in government, Ireland, transport

A proper address can be a matter of life and death

The Irish Times reports this morning that an ambulance was sent to a wrong address and that as a result receipt of medical attention was delayed. The child subsequently died. This is a great tragedy, most of all for that child’s parents, but also for us all. We can cure cancer, but we can’t get an ambulance out to a dying child.

[updated with new information 22 June, see below]

It would be wrong to attribute this tragedy to some sort of human error by somebody working in a contact centre. The truth is that it is practically impossible to deal with Irish addresses on a consistent, reliable basis. The whole system of keeping track of where all the houses and premises are is in chaos. I have written about this before.

A lot of the town and townland names are similar or the same, which is probably what caused this particular problem. What’s more, many addresses within the same area are non-unique, meaning that houses and roads don’t have individual names.

It would also be wrong to attribute this tragedy to being ‘just one of those things’. This is a problem that can be solved. The government and the agencies have been working on this problem for over 1o years, but they haven’t come up with any solution. The household tax seemed like an opportunity to deal with this issue, but it hasn’t been taken up. Equally, the improvements in property registration haven’t resulted in any improvement in addresses. Geodirectory, a database of postal addresses (not legal addresses or street addresses, mind, but postal addresses) is a little more available than it was ten years ago as a result of the Internet, but it is still very complex and expensive. It is also not particularly accurate. It is fine as a marketing database and maybe as a delivery database, but it just isn’t up to snuff as a basis for critical lifesaving operations.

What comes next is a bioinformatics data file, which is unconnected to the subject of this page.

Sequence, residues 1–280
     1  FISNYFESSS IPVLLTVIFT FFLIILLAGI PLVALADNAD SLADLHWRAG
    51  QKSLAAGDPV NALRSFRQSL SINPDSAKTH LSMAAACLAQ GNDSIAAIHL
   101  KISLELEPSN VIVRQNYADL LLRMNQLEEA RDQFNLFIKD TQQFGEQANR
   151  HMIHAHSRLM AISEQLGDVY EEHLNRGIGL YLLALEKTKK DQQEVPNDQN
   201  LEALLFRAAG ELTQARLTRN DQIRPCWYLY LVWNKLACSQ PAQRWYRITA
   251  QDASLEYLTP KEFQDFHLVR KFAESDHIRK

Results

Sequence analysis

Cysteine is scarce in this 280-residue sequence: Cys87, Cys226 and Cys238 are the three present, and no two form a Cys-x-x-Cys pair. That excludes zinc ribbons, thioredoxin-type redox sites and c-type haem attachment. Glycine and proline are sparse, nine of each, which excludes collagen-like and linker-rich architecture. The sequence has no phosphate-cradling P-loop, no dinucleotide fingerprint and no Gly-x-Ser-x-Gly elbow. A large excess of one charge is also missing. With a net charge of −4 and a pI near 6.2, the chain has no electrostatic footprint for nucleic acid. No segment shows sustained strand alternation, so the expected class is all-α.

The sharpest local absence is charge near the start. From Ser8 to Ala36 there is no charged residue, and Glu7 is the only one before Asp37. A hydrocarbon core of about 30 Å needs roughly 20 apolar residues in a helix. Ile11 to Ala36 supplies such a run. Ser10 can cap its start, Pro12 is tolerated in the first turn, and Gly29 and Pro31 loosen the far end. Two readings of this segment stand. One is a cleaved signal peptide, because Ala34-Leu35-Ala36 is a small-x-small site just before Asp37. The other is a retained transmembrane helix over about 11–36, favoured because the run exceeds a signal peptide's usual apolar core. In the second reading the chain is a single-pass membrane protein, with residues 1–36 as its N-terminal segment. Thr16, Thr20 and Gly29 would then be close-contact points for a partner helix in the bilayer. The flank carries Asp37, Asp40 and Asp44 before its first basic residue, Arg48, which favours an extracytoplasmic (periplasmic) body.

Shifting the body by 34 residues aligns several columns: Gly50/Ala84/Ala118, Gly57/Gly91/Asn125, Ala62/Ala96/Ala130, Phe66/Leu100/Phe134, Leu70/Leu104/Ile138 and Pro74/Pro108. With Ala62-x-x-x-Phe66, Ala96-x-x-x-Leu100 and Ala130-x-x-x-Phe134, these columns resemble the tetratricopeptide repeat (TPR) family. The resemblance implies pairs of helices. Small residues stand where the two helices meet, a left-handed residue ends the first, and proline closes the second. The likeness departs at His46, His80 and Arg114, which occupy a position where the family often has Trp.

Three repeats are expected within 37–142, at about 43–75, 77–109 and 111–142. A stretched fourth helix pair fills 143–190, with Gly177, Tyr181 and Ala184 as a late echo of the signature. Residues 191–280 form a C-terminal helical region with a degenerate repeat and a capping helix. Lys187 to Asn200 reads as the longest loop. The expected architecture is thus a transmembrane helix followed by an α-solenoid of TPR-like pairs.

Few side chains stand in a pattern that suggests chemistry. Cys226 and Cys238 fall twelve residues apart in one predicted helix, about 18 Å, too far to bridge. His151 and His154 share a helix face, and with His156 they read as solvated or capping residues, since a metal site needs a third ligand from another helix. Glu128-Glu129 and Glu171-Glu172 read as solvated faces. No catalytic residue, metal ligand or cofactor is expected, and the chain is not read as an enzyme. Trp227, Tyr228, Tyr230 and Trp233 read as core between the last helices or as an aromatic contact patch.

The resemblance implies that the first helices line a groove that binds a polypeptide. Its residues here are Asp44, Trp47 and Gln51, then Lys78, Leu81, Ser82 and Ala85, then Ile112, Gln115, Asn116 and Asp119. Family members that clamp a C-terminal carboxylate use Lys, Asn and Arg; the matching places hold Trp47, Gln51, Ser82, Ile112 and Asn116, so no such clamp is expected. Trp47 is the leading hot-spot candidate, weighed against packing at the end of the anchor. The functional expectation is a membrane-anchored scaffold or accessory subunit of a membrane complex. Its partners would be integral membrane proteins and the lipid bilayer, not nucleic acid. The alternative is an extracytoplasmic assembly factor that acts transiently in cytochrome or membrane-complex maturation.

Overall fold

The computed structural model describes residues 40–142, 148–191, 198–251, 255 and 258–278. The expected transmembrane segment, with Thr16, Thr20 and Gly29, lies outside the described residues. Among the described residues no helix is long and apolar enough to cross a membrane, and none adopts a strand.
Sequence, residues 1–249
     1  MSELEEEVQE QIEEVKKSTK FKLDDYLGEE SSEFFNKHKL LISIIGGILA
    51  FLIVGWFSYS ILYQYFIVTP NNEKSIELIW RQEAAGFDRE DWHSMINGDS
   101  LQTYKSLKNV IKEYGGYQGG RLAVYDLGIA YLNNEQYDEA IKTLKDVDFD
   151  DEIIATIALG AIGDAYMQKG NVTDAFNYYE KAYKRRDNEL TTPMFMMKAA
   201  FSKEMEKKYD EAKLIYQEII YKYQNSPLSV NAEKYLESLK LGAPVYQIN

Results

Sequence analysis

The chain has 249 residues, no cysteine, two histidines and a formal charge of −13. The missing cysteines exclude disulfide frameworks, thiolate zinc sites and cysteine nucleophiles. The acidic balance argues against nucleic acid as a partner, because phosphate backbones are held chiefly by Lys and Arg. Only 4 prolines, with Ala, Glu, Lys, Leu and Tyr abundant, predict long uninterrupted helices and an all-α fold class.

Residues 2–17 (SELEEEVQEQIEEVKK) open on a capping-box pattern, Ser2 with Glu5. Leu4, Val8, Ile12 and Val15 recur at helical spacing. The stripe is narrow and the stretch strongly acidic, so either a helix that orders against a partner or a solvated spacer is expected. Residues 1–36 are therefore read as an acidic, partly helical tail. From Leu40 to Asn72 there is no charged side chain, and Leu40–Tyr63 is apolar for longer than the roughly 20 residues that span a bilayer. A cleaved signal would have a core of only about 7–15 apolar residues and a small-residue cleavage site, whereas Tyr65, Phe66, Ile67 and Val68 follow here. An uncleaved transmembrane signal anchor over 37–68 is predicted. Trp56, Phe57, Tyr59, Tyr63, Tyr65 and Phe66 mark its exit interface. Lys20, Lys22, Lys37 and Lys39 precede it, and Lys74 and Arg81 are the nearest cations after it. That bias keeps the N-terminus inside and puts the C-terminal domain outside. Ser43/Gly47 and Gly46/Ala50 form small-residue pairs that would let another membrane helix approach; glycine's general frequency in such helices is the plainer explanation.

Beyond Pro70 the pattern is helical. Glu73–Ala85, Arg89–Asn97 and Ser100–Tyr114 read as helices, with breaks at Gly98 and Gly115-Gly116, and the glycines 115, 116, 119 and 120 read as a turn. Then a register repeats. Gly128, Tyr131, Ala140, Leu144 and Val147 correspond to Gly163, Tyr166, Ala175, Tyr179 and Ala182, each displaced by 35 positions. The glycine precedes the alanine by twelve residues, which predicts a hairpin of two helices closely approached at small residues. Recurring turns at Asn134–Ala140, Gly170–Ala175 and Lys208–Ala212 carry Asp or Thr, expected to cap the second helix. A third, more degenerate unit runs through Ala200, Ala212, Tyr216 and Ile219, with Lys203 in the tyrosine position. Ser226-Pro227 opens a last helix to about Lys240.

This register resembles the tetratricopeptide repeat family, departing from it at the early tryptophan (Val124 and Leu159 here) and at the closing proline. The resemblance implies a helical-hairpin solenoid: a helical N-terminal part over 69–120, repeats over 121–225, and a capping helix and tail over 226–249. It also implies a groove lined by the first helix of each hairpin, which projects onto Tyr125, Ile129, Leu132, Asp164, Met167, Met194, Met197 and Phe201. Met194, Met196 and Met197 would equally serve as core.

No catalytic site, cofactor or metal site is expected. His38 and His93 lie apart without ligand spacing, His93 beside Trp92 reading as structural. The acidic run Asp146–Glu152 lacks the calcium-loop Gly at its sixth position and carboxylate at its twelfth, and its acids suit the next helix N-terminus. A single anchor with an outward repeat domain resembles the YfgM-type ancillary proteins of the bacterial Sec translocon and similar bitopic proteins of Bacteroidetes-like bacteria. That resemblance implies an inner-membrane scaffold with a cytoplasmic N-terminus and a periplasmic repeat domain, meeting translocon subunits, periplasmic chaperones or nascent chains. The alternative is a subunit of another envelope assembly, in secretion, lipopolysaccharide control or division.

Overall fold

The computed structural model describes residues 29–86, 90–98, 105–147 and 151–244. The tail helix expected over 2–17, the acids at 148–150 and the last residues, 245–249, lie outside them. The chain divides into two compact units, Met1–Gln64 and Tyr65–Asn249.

The news is not all bad though. Enough progress has been made that the cause of this failure can be resolved quickly and inexpensively. Between them, CSO and the Ordnance Survey have developed a fairly comprehensive and well thought out system of small areas in conjunction with NUI Maynooth, which will lend itself well to helping develop a simplified system of coding and managing address information. This, together with existing county and ED boundaries formed the basis of NSAI/ICTSCC/SC4’s proposal to the Department of Communications, Energy and Natural Resources in 2010

However, the government really needs to act to sort this out. At present, the government is in the middle of a very complex and long tender process to develop and implement a postcode. That process has been ongoing for 3 years and it does not seem likely that it will come to a conclusion that will be advantageous for the taxpayer.

Or for that matter, for young children who need medical attention in a hurry. We owe it to this child and the child’s parents, and indeed to all the people who work in our emergency services. We really need to sort this out this before more people die.